Oh, darling, don't misunderstand me about your last poem to me. It was so beautiful, Perry. It's only that I wouldn't have you feeling so sad or blue, and dear husband, I promise you that I shall always try and want to keep harmony and happiness in our lives. I want to be all that you believe of me dearest Perry. I know that it is because we are so separated that makes us feel so very depressed at times, but this can't be for long, I know. The Lord will bring you back to me very soon, my sweetheart, for we have been promised so much happiness. I love you with all my heart and soul, my dear husband. Always your own, Gene

July 10, 1945

My Darling Sweetheart,

Guess by now you should be able to realize why you haven't heard from me for the last few days. As long as you know the reason, though, it is better because I know how it is to continually look for a letter and wonder. I always try to write to you regularly when we are in port.  
[July 5, 1945 - Liberation of Philippines declared. July 10, 1945 - 1000 bomber raids against Japan begin.]

I have the money order for my tithing. It is $21.48, $7.16 per month for the months of April, May and June. Will you give it to the bishop for me and keep the receipts? I'm sending the money order in a separate letter. I'm surely eagerly looking forward to when I can get those sweet letters of yours again. I didn't get any for about for days before we left, but I'm sure I'll have some waiting for me at my next destination.

I think the last letter I wrote you wasn't such a very good one. It's too bad that is the last one I could get off to you before leaving. The situation has improved somewhat now. At least we have water now and can shower and keep clean. I will surely be glad when we get rid of all of these passengers though.

It's hard to write now until I hear from you and right now it's rather inconvenient and the lights will soon go out so I'm hurrying. I can't pour out my love very well when I'm being rushed. I love you though, my darling, more than ever I could express in words anyway. I think and dream of you constantly. forever your loving husband, Perry

July 11, 1945

My Darling Gene,

Well my sweetheart, here I am again. I should have some mail from you tomorrow. Consequently, I find it rather difficult to settle down or do anything at all. If I have some mail from you tomorrow, though, I promise you an extra special good letter. Do you remember what happened just eleven months ago tomorrow. That was the most profitable evening I ever did spend because just remember who I met that night. You'll never know all the thoughts that went through my mind that night. Surely do wish I could be with you so we could celebrate it in some special way together, but as it is, I guess we'll have to celebrate it as best we can just thinking about it and with thankfulness that we have each other. I hope by next year we will be able to celebrate most all of our special occasions together. We really have quite a few, you know, from August through December. Do you know what I mean?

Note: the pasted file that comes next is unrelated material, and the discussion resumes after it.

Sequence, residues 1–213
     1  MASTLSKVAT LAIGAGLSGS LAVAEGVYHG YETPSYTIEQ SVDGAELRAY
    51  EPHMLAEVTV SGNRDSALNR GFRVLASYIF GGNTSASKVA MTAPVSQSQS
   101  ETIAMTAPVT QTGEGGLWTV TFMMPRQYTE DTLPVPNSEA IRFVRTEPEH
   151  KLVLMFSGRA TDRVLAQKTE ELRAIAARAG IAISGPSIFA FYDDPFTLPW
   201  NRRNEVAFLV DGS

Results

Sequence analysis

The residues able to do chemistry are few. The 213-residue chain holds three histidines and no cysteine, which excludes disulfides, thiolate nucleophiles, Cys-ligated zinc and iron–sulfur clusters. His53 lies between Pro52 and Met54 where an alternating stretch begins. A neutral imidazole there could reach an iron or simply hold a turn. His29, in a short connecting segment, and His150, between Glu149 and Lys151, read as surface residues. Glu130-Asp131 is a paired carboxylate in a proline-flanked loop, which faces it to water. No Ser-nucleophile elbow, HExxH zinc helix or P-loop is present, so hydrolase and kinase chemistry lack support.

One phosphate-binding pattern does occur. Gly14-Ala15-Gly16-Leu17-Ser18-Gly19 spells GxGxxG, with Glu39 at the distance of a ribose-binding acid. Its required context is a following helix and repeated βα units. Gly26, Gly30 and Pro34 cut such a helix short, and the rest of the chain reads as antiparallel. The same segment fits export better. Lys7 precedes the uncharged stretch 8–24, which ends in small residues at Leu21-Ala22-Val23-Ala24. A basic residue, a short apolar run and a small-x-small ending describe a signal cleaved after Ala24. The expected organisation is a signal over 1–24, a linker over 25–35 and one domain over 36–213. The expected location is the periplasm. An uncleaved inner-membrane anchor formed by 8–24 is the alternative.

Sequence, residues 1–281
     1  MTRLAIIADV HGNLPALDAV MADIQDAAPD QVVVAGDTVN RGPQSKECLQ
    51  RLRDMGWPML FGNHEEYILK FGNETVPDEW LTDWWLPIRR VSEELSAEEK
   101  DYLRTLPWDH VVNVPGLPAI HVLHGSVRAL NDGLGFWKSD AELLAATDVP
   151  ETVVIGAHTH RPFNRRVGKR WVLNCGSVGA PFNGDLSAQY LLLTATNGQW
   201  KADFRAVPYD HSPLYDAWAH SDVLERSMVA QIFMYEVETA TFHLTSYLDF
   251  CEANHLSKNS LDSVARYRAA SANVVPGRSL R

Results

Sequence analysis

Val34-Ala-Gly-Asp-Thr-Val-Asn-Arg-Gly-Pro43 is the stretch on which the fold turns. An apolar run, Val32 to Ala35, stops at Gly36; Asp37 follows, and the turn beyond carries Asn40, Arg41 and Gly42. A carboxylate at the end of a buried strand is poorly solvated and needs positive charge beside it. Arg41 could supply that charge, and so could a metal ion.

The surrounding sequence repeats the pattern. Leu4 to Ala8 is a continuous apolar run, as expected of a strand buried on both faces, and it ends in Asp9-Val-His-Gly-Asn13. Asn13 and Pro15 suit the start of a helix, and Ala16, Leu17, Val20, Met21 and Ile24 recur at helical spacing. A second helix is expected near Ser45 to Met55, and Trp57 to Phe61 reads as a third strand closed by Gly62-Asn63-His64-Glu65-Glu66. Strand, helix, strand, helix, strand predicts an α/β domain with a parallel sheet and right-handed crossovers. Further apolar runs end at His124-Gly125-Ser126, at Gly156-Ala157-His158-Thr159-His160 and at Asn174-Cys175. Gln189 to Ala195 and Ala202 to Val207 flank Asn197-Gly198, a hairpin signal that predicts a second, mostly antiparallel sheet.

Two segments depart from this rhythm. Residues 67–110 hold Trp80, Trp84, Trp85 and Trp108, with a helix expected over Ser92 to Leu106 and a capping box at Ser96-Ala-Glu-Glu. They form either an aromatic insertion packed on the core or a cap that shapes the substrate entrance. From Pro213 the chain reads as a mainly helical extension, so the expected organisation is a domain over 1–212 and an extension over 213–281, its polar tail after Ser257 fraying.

Have you your new job yet? I surely will be glad when you can quit working around like that, won't you? And when that day comes, it will be the beginning of the fulfillment of all of the rest of our hopes and dreams. Sweetheart, I love you very much and can only think of those things we have both talked about and desire so much. Sweetheart, I'll close now and will eagerly wait for your letters tomorrow. Please when you write, tell me all about yourself, all you do and everything you think. In that way, I can still live with you in thought. I love you my darling, Perry

July 13, 1945

My Darling Wife,

This is Friday the thirteenth. It's an extra special day, isn't it? I promise you that when I come back for good, we are really going to make every Friday the 13th a very special day because it was the luckiest day of my life last year, just nine months ago. Darling, I received your letter today, the one you wrote on the 4th. You sounded as though you were a little bit blue. How I wish I could hold you in my arms as you long for me too, but the best I can do now is to write and tell you my love the best I can that way--a very poor substitute, isn't it?

Sweetheart, I surely do hope you can find the kind of a job you want, one you will enjoy doing, and I will pray for you, my darling, just as you asked me to. How do you like living with Viola by now? I surely do hope it works out well so that you won't have to be moving around so much any more. It will probably help you to keep from getting blue too now that you have someone to be with.

Well, darling, I must leave you now, but will be with you in my thoughts always, and so till tomorrow when I write again, I'll say goodbye. Your loving husband, Perry